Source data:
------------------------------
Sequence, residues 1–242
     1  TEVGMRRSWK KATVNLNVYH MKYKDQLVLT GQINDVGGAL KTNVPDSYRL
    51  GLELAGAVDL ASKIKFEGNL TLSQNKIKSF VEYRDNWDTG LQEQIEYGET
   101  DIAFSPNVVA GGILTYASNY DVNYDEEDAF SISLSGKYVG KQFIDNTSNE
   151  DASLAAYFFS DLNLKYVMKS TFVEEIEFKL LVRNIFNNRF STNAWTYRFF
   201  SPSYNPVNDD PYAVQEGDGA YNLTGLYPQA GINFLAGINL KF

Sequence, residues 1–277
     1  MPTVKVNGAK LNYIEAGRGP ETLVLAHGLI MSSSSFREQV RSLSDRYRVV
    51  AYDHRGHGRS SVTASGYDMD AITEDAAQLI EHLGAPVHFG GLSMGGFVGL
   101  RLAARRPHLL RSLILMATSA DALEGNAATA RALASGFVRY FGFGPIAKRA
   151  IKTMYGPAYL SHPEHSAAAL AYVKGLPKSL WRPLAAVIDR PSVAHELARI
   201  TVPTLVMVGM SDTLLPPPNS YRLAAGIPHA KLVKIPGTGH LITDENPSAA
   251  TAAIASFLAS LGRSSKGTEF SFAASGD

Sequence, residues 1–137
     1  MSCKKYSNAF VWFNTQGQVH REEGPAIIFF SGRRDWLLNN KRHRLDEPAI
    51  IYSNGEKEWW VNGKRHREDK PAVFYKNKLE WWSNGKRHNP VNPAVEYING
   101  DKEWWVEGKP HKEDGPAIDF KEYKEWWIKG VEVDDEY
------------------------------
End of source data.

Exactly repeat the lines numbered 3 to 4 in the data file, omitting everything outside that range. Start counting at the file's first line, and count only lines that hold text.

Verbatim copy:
    51  GLELAGAVDL ASKIKFEGNL TLSQNKIKSF VEYRDNWDTG LQEQIEYGET
   101  DIAFSPNVVA GGILTYASNY DVNYDEEDAF SISLSGKYVG KQFIDNTSNE